“Under the plain meaning rule, it is not the court's place to change the meaning of a clear and unambiguous statute.” Hodges v. Rainey, 341 S.C. 79, 85, 533 S.E.2d 578, 581 (2000). “Where the statute's language is plain and unambiguous, and conveys a clear and definite meaning, the rules of statutory interpretation are not needed and the court has no right to impose another meaning.” Id .

It is undisputed that Respondent is a “general contractor” that performs “general construction” within the meaning of section 40–11–20(8) and (9) of the South Carolina Code. Section 40–11–30 states:

No entity or individual may practice as a contractor by performing or offering to perform contracting work for which the total cost of construction is greater than five thousand dollars for general contracting ․ without a license issued in accordance with this chapter.

S.C.Code Ann. § 40–11–30 (Supp.2012) (emphasis added).

A contractor's failure to hold a license required by section 40–11–30 is governed by section 40–11–370 of the South Carolina Code, which provides in pertinent part:

(A)It is unlawful to use the term “licensed contractor” or to perform or offer to perform general or mechanical construction without first obtaining a license as required by this chapter.

(C)An entity which does not have a valid license as required by this chapter may not bring an action either at law or in equity to enforce the provisions of a contract․

(emphasis added).

The term “valid” is clear and unambiguous, and leaves no room for statutory construction. Respondent admits it did not have the appropriate license, yet attempts to avoid the door-closing effect of section 40–11–370(C) by claiming it was merely “under-licensed.” The statute manifestly forecloses Respondent's interpretation, as the term “valid” does not give rise to the slightest ambiguity.2 Our case law is in accord.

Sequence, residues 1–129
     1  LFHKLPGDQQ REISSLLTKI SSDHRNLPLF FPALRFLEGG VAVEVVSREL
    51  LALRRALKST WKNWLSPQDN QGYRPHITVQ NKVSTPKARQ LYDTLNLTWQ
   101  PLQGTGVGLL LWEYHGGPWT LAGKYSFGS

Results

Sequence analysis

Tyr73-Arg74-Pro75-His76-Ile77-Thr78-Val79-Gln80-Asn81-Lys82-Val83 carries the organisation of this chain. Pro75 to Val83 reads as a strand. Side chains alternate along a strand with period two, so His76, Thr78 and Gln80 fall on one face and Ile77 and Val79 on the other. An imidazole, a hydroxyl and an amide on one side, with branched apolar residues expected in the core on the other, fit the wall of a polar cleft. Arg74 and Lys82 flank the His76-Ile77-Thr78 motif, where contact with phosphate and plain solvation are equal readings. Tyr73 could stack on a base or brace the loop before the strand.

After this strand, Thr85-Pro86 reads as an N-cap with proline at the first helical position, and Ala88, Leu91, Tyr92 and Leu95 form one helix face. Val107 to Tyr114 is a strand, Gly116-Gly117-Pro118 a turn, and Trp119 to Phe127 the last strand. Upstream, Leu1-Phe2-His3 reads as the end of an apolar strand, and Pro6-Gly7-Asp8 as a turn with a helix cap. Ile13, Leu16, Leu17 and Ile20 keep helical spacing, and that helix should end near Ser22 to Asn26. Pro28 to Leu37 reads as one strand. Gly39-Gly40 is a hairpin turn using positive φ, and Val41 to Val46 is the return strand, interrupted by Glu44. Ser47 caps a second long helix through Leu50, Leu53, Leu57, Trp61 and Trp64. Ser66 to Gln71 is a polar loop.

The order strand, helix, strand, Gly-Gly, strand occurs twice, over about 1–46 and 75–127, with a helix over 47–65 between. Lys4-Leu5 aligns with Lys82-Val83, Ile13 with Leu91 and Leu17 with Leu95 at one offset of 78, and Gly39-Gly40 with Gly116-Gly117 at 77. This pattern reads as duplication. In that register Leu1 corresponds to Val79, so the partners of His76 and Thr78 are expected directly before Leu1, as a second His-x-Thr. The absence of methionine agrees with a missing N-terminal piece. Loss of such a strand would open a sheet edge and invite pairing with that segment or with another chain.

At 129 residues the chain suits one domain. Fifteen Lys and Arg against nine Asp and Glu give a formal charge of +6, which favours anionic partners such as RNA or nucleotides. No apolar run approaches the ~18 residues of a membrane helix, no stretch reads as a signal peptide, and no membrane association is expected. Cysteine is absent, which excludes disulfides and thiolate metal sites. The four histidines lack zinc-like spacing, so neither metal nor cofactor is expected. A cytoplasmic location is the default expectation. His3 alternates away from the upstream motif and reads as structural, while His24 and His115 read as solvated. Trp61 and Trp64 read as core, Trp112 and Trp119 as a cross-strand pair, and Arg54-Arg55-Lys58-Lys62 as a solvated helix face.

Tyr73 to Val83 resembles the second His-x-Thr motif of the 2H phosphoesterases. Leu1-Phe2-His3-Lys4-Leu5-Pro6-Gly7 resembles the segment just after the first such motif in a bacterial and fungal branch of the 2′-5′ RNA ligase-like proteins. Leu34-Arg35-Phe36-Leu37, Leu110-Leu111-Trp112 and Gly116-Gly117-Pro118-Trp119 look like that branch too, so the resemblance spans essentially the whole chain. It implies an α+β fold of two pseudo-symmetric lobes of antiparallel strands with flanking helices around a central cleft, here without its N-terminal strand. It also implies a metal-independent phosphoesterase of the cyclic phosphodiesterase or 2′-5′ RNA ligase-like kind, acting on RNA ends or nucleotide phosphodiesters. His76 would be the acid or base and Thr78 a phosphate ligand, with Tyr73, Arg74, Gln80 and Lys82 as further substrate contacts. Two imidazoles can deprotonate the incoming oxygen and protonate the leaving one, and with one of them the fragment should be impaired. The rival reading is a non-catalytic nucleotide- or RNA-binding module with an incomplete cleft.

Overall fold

In Duckworth v. Cameron, 270 S.C. 647, 244 S.E.2d 217 (1978), a residential home builder, who was not licensed, entered into a contract for the construction of a house. This Court analyzed a similar statute that prohibited a residential home builder who did not have the required license from bringing an action to enforce the contract. We found the statute “clear and unambiguous. Any builder who violates the chapter by entering into a contract for home construction without obtaining the required license simply cannot enforce the contract.” Id. at 649, 244 S.E.2d at 218 (emphasis added); see also Earthscapes Unlimited, Inc. v. Ulbrich, 390 S.C. 609, 614, 703 S.E.2d 221, 224 (2010) (recognizing but not enforcing section 40–11–370(B) because “Appellants did not raise section 40–11–370 of the South Carolina Code as an affirmative defense at any stage in the proceeding below, we find this affirmative defense was not properly pled”); Skiba v. Gessner, 374 S.C. 208, 210, 648 S.E.2d 605, 605–06 (2007) (citing section 40–11–370 and recognizing it as an affirmative defense, noting “that an entity which does not have a valid license as required by Chapter 40 may not bring an action at law or in equity to enforce the provisions of a contract”).

In this case, the arbitrator erred in failing to grant Petitioners' motion to dismiss based upon the affirmative defense of section 40–11–370. Despite such error, Respondent seeks refuge in the narrow standard of manifest disregard. Indeed, manifest disregard is an exacting standard, but it is not insurmountable. See, e.g., N.Y. Tel. Co. v. Commc'ns Workers of Am. Local 1100, 256 F.3d 89 (2nd Cir.2001) (affirming district court's vacating of arbitration award where arbitrator manifestly disregarded the law by explicitly rejecting precedent of the Second Circuit and relying on opinions outside of the Circuit); Montes v. Shearson Lehman Bros., Inc., 128 F.3d 1456 (11th Cir.1997) (finding lack of indication that arbitrators rejected party's express urging to disregard the law necessitated reversing affirmance of the arbitration award); Spear, Leeds & Kellogg v. Bullseye Sec., Inc., 291 A.D.2d 255, 738 N.Y.S.2d 27 (N.Y.App.Div.2002) (finding that because individual claimants, as a matter of law, cannot assert a cause of action to recover for wrongdoing done to a corporation, the rendering of award based on such a claim was properly vacated as manifest disregard of the law); Wichinksy v. Mosa, 109 Nev. 84, 847 P.2d 727 (Nev.1993) (finding arbitrator demonstrated a manifest disregard of the law by awarding punitive damages in the absence of clear and convincing evidence of fraud, oppression or malice).